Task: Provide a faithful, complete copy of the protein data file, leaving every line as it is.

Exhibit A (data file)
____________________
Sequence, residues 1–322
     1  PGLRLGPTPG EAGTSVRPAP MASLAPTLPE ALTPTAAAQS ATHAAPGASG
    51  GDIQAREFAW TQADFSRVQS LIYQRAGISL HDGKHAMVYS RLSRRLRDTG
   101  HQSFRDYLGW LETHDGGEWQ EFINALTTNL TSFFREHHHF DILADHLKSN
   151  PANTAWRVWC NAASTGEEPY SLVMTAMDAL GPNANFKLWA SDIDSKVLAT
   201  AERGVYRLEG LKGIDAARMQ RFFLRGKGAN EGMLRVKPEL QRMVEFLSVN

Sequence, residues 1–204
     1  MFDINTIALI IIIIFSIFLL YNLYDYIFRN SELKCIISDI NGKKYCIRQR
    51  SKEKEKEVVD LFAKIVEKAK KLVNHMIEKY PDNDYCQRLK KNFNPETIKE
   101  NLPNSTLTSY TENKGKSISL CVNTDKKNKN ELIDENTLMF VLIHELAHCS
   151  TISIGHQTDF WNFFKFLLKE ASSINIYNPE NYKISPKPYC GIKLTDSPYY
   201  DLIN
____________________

Sequence, residues 1–322
     1  PGLRLGPTPG EAGTSVRPAP MASLAPTLPE ALTPTAAAQS ATHAAPGASG
    51  GDIQAREFAW TQADFSRVQS LIYQRAGISL HDGKHAMVYS RLSRRLRDTG
   101  HQSFRDYLGW LETHDGGEWQ EFINALTTNL TSFFREHHHF DILADHLKSN
   151  PANTAWRVWC NAASTGEEPY SLVMTAMDAL GPNANFKLWA SDIDSKVLAT
   201  AERGVYRLEG LKGIDAARMQ RFFLRGKGAN EGMLRVKPEL QRMVEFLSVN

Sequence, residues 1–204
     1  MFDINTIALI IIIIFSIFLL YNLYDYIFRN SELKCIISDI NGKKYCIRQR
    51  SKEKEKEVVD LFAKIVEKAK KLVNHMIEKY PDNDYCQRLK KNFNPETIKE
   101  NLPNSTLTSY TENKGKSISL CVNTDKKNKN ELIDENTLMF VLIHELAHCS
   151  TISIGHQTDF WNFFKFLLKE ASSINIYNPE NYKISPKPYC GIKLTDSPYY
   201  DLIN